Green Room

Don’t Throw Us into That Breyer Patch!

posted at 12:07 am on June 22, 2010 by

Today, John Roberts and the Supremes upheld a Bush-era, post-9/11 law prohibiting aiding terrorist groups with any kind of “material support” — including training and even purely verbal “expert advice or assistance”:

Chief Justice John G. Roberts Jr., writing for the majority in the 6-to-3 decision, said the law’s prohibition of providing some types of intangible assistance to groups the State Department says engage in terrorism did not violate the First Amendment.

All the legal beagles will no doubt opine, offering much more authoritative analyses than mere reptiles can produce. But there are a couple oblique angles to this story that are right down our lizard holes.

First, the decision contained an unexpected (and unremarked) boot-to-the-head of Elena Kagan, President Barak H. Obama’s second Supreme Court nominee (the first was Justice Sonia Sotomayor — who of course dissented, voting to allow peaceniks to give as much verbal aid and comfort to the enemy as they wish).

First, let’s watch the New York Times carry water:

The decision was a victory for Solicitor General Elena Kagan, who argued the case in February and whose confirmation hearings for a seat on the court are scheduled to start next week.

And now, the rest of the story:

But Chief Justice Roberts said the government had advanced a position that was too extreme and did not take adequate account of the free speech interests at stake.

“The government is wrong,” the chief justice wrote, “that the only thing actually at issue in this litigation is conduct” and not speech protected by the First Amendment protection. But he went on to say the government’s interest in combating terrorism was enough to overcome that protection.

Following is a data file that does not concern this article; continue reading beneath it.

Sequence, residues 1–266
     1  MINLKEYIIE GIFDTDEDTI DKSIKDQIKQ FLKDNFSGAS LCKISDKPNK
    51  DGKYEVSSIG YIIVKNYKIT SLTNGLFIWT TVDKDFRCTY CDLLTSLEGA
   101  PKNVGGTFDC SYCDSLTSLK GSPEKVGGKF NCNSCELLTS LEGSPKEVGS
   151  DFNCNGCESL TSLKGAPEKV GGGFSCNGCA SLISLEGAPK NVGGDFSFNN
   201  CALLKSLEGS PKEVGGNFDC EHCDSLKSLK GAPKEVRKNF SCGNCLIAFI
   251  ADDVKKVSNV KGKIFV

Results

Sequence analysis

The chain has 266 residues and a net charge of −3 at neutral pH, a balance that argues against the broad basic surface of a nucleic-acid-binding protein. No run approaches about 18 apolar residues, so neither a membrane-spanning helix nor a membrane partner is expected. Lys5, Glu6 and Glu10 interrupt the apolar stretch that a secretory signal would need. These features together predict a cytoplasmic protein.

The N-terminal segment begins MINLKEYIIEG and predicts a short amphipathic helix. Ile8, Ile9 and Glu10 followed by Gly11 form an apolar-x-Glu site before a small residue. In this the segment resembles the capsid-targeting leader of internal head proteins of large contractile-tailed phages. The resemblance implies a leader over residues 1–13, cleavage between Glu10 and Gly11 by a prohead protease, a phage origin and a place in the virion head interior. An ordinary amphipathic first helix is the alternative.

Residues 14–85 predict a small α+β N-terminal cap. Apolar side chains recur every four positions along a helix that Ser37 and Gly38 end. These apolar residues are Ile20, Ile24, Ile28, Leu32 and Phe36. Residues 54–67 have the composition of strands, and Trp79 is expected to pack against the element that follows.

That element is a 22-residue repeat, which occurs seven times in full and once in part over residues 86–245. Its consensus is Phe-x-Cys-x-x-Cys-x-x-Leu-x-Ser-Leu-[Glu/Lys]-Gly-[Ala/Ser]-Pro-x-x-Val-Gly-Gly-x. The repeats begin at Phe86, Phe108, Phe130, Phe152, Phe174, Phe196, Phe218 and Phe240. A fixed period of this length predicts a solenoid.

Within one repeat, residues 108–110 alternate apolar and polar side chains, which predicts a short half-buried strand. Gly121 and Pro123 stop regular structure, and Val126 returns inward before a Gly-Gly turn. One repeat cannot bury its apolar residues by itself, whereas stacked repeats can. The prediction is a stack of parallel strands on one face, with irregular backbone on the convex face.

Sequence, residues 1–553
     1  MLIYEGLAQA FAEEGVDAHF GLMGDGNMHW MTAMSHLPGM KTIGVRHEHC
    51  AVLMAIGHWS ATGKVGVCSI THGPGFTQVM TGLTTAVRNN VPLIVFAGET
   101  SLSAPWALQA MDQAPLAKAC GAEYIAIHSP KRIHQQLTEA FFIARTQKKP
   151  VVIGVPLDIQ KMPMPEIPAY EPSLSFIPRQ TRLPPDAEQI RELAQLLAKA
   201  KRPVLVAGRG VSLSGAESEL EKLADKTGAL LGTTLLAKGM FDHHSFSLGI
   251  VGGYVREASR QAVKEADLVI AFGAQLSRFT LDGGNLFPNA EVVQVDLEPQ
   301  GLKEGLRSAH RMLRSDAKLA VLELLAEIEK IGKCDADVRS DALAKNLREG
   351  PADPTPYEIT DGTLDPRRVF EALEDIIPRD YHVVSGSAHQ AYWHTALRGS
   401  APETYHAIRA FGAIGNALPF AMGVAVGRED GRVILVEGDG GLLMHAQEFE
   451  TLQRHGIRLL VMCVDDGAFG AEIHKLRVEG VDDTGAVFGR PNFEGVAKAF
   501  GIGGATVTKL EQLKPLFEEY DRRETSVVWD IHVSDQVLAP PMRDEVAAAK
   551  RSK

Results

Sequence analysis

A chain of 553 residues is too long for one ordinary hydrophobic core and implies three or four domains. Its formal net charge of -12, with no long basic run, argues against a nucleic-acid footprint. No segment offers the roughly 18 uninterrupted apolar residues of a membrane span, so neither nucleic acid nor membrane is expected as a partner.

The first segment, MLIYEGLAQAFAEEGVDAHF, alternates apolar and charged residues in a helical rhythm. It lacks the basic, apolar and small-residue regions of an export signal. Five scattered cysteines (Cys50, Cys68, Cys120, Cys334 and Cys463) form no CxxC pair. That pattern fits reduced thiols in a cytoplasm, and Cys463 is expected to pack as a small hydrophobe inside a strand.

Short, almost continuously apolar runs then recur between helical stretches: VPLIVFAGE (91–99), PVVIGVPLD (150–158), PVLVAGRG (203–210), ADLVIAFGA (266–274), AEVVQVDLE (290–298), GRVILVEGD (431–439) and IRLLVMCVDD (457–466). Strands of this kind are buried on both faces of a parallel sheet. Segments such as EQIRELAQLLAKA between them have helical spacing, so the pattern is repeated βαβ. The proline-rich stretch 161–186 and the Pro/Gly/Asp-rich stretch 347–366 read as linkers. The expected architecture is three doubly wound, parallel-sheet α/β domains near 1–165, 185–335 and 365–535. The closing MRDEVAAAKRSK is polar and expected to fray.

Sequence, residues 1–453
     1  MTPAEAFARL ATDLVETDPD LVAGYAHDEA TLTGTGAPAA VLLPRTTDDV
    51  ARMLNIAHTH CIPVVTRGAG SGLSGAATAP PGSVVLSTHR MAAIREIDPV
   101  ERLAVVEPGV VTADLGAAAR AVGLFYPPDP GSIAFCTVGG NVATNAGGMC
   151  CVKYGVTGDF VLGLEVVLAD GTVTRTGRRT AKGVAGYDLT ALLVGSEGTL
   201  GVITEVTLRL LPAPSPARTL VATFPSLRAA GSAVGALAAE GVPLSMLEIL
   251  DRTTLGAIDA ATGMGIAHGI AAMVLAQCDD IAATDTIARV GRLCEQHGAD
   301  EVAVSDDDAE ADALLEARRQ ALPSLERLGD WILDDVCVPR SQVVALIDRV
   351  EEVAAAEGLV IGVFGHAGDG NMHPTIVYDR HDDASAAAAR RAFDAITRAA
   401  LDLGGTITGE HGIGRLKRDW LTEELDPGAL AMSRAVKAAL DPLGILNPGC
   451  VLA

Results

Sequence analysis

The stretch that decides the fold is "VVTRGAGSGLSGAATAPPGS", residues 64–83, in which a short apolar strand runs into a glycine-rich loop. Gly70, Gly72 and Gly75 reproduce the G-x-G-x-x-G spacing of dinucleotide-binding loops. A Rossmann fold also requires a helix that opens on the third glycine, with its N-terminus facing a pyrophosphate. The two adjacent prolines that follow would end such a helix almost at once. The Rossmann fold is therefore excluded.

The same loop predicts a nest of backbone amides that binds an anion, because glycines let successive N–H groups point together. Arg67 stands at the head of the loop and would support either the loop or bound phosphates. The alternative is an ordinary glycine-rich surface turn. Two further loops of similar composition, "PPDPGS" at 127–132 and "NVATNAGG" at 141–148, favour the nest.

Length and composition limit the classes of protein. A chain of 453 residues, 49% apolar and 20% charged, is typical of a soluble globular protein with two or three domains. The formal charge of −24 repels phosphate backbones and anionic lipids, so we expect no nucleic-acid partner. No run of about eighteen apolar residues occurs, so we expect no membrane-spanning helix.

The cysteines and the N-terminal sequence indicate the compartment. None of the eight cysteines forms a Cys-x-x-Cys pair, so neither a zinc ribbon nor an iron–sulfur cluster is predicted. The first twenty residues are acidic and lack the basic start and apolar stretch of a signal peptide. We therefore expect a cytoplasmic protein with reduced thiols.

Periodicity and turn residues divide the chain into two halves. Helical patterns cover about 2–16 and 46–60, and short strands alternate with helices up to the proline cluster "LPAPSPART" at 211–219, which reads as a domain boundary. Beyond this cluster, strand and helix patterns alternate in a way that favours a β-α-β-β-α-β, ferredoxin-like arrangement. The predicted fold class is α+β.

In other words, the Obamunist nominated a woman to the Supreme Court who did not even recognize what was implicitly understood by all nine sitting justices, including Obama’s first nominee to the Court: That there is a freedom-of-speech element to this case.

The only disagreement among the judges and justices who have heard the case is whether national security trumps freedom of speech in this case — not whether freedom of speech even exists! It’s a very telling lapse in judgment on Kagan’s part.

The second misaligned angle is also telling; it “tells” of the nigh-irrepressible ability on the part of liberal-activist judges, like Justice Stephen Breyer, to flip principle on its head in order to achieve a desired outcome.

Perennial hand-wringing, ultra-liberal Justice Breyer was one of the three dissenters to this decision (the others being Sotomayor and Ruth Bader Ginsburg). In fact, Breyer was so consumed by his disgust that he pointedly read his dissent aloud from the bench:

Justice Stephen G. Breyer took the unusual step of summarizing his dissent from the bench. He said the majority had drawn a false analogy between the two kinds of assistance.

“Money given for a charitable purpose might free up other money used to buy arms,” Justice Breyer said from the bench. But the same cannot be said, he went on, “where teaching human rights law is involved.”